The Shrouded Isle is like a nasty little subversive B-side to simulation games like Civilization or Cities: Skylines. Instead of efficiently planning a nation or a town, you’re ruthlessly running a backwards cult with the religious fervor of a pilgrim who burns witches. Question citizens about their commitment to “virtues” like ignorance and obedience. Discover their secret “vices” like wearing unique clothes and going to libraries. Keep the town in balance not just by upholding these virtues for your dark god but also managing the political climate between the various families. And in the end, someone must always be sacrificed. It’s just up to you to figure out which death will create the most “good.” It feels like a video game version of an H.P. Lovecraft board game adaptation, with its sickly green art style and vaguely cosmic horror coastal setting.

Pikuniku

With its basic shapes and colors, Pikuniku looks like a cartoon for very young children. But then you see it’s a Devolver Digital joint and all of a sudden you’re fighting back against an evil oligarch showering citizens with “free money” while stealing their actually valuable resources. It makes you expect things to get real weird real fast. But they never really do, at least not for a while. Much of Pikuniku is spent in this chill middleground where you explore the open, interconnected, nonlinear map solving mild puzzles with your wobbly long legs. You might stumble into a toast dimension full of tough platforming, or use a watercan on your head to reach previously inaccessible areas. But Pikuniku is almost a hangout game, and the sooner you adjust to those relaxed expectations the more fun you’ll have.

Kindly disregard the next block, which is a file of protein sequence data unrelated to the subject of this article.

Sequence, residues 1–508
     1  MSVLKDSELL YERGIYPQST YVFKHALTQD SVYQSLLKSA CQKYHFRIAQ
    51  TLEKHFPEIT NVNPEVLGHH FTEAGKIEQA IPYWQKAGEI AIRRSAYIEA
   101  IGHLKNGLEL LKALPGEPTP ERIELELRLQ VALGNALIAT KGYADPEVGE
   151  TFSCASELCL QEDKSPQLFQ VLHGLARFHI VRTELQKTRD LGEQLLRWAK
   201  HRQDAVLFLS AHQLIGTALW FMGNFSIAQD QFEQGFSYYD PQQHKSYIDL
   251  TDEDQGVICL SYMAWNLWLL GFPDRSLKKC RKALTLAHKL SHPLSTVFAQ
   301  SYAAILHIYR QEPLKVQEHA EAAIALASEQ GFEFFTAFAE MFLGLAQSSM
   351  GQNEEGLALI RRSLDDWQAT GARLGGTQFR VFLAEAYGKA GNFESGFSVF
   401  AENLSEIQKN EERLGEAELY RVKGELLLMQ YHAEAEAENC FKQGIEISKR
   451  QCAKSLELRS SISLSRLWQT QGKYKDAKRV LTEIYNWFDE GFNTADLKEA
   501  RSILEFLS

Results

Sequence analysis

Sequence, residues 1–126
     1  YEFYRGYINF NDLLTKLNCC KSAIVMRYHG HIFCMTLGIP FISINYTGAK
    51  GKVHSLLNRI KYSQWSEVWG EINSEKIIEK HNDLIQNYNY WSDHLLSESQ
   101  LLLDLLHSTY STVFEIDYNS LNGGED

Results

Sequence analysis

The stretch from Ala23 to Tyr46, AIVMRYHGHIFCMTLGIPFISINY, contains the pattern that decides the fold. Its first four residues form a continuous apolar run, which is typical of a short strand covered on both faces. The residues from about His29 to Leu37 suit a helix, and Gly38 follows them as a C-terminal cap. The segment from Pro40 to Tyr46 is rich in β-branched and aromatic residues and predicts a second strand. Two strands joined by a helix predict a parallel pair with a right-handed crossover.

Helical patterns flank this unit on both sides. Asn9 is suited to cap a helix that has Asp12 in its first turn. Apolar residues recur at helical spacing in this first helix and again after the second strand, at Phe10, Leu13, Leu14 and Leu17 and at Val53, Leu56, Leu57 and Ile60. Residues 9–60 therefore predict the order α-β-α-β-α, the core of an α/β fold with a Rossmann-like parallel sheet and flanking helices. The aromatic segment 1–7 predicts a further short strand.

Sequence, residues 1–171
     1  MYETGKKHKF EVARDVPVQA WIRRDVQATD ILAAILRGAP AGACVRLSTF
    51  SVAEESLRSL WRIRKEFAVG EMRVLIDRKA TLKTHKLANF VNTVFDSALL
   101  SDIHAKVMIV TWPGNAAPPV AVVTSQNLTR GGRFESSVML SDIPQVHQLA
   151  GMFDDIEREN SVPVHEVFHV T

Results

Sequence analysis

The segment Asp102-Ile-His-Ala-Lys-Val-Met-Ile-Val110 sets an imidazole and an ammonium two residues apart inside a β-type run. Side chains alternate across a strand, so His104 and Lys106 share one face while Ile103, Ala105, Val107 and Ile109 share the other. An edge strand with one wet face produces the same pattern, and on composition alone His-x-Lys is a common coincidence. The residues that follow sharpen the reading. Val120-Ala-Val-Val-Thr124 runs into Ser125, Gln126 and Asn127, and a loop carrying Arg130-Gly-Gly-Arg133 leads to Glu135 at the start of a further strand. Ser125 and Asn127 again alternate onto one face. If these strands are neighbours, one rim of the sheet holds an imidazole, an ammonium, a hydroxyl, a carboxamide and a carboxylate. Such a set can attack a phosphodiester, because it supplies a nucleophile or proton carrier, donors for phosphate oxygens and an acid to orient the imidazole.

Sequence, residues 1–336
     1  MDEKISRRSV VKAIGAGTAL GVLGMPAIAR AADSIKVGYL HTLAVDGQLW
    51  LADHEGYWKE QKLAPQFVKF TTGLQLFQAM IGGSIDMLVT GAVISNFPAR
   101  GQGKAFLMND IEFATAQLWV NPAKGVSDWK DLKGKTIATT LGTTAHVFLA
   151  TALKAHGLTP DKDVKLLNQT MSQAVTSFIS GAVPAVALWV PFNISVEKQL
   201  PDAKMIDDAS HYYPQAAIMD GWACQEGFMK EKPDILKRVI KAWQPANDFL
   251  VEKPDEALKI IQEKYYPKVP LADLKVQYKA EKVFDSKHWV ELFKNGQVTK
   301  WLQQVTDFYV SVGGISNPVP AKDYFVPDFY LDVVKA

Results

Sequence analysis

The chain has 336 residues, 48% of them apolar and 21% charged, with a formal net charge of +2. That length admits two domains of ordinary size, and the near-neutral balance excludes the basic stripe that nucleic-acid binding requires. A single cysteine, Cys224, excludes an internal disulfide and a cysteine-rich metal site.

Rain World

Rain World is a prime example of a game I respect the hell out of but just can’t get into. The developers want players to feel like the lowliest and most ignorant of creatures in a grand yet confusing society, “a rat in a subway station.” So everything in this world is out to kill you for who knows why and you barely know how to get around. You’re just trying to get enough good to hibernate. But while I recognize being super vulnerable and having no power is the point, it’s just no fun to play, even with the gorgeously fluid and depressing animations for the pitiful, lovable Slugcat creature you control. At least this isn’t roguelike, and with enough patience you can learn and thrive in the environment, which I assume would be satisfying for someone.

Fitness Boxing

With the Nintendo Switch possibly on path for Nintendo Wii levels of success, it makes sense for it to get a fitness game just in time for New Year’s resolutions. But Fitness Boxing is a very strange exercise game especially if you’re used to the more subtle quirk of Wii Fit. It’s all about getting your body moving by punching in rhythm with high-tempo tracks like a mix between Wii Sports Boxing and Dance Dance Revolution. Also like DDR, Fitness Boxing’s deep Japanese roots are so barely hidden its funny between the choice of songs and the uncanny Simple 2000 Series-esque budget mistranslation of the helpful instructors. These are features though, not, bugs, with the right mindset. The earnest weirdness keeps your spirits high as you work off those extra holiday pounds.

Looking for more Switch games? Check out our previous Switch indie game roundups Play These Nintendo Switch Games Before Super Smash Bros. Ultimate, Play These Nintendo Switch Games After Super Mario Odyssey, and Switch Games That Aren’t Zelda.